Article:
His wife shouted on the phone, “Hello! Where are you, you donkey?” Her voice was so loud that I could hear their conversation well. He said, “I am fine, may Allaah protect you.” It seemed as though he had promised her to take her to her family, but became busy with us. His wife became really angry and said, “May Allaah not protect you! You are quite happy to be with your friends all the while I wait for you. By Allaah, you are a bull!”
He said, “May Allaah be pleased with you. I will come to you after ‘Ishaa.”
I realised that his speech did not exactly correspond to hers. Thereafter I realised that he was speaking in this manner in order to save himself from embarrassment.
He then finished his call. I began to look at those present, thinking to myself that one of them will ask him, “Who was that on the phone? What does he want from you? Why did your face change after the conversation?” But Allaah had mercy on him; no one interfered in a matter which did not concern them.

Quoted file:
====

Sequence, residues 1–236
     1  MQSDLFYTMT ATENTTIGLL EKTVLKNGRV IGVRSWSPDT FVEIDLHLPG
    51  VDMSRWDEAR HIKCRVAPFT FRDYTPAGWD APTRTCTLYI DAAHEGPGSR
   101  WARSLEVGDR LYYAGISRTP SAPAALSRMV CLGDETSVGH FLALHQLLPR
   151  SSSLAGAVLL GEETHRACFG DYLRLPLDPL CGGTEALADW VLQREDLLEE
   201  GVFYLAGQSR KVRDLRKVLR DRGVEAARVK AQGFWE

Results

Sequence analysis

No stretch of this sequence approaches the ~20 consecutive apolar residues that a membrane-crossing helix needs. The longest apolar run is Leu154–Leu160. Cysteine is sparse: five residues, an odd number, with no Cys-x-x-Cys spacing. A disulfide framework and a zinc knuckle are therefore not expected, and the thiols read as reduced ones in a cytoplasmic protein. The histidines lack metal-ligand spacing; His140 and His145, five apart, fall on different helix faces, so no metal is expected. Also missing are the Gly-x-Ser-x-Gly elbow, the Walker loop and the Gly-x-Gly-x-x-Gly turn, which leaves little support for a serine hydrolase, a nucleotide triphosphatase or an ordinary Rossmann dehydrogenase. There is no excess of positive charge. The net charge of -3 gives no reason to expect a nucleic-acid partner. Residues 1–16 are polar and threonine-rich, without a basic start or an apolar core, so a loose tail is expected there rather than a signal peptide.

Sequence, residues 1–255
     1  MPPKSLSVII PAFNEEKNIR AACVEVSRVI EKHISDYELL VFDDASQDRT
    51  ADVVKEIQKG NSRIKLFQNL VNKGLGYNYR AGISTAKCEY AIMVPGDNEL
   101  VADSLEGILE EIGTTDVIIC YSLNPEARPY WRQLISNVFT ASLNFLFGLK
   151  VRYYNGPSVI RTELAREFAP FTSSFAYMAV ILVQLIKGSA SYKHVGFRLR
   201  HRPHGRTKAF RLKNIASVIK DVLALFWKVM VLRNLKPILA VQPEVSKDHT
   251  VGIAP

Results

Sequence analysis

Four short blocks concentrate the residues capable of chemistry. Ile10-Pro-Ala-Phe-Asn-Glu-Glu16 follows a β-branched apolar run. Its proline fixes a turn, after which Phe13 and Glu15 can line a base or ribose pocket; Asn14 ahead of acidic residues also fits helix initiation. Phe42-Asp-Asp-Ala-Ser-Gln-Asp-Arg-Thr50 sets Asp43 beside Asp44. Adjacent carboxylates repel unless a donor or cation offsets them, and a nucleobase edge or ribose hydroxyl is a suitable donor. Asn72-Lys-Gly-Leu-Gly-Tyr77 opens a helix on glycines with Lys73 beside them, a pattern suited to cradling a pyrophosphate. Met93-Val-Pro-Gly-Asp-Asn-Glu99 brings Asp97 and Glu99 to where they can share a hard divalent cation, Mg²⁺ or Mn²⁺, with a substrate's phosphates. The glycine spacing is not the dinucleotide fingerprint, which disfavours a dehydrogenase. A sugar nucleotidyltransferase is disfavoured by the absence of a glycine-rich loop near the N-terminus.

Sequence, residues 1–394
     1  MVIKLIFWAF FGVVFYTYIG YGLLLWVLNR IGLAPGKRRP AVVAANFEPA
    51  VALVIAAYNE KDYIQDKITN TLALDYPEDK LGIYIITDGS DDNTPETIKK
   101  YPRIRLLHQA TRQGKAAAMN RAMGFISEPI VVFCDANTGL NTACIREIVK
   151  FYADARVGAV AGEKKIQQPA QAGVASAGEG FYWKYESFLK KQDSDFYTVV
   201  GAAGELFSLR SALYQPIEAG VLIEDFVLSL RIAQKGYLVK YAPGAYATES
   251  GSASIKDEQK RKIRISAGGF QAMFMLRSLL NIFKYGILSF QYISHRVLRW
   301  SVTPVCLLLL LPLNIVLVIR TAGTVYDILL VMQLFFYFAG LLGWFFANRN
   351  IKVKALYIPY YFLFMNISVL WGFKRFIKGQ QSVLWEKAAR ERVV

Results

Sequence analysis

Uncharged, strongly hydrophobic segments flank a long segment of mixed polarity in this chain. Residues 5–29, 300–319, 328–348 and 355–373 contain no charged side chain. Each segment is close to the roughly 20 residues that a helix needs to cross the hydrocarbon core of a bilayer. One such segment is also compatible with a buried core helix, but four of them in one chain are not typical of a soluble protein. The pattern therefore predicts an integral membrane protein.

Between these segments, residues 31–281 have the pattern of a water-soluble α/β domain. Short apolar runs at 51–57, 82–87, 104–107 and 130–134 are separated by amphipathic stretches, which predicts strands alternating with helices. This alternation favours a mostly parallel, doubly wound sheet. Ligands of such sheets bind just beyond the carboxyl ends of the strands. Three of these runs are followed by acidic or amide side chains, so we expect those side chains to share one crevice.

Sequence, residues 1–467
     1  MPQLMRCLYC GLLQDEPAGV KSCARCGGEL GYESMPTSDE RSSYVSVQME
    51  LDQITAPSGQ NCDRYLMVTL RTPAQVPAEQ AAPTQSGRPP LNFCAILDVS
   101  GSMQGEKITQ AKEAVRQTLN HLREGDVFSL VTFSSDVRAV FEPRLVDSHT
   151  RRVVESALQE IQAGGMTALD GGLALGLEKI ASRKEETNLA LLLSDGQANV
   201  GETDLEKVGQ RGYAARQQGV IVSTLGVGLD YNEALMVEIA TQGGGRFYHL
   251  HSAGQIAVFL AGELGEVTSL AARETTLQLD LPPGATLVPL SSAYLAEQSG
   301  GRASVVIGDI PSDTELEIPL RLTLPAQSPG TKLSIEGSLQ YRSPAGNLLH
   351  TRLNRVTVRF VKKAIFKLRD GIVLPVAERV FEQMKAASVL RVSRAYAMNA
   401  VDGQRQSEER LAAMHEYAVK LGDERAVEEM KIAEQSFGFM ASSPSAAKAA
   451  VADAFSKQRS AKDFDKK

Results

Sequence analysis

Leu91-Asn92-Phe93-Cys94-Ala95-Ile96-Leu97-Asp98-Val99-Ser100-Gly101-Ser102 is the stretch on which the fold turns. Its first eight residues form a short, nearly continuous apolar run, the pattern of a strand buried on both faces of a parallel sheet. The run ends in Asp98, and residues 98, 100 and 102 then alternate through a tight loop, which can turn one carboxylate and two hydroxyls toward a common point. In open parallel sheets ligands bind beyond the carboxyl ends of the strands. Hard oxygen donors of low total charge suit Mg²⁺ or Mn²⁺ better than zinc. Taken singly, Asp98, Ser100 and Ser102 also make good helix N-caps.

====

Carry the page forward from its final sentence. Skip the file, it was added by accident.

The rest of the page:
Likewise, if you were to visit a patient and ask him about his illness, and he were to reply vaguely, “al-Hamdulillah, nothing major, just minor illness”, and such expressions that do not explicitly answer the question, do not embarrass him by persisting on asking detailed questions, such as, “I am sorry, but what exactly is the illness? Please clarify what you said” and so on. Why the need to embarrass him?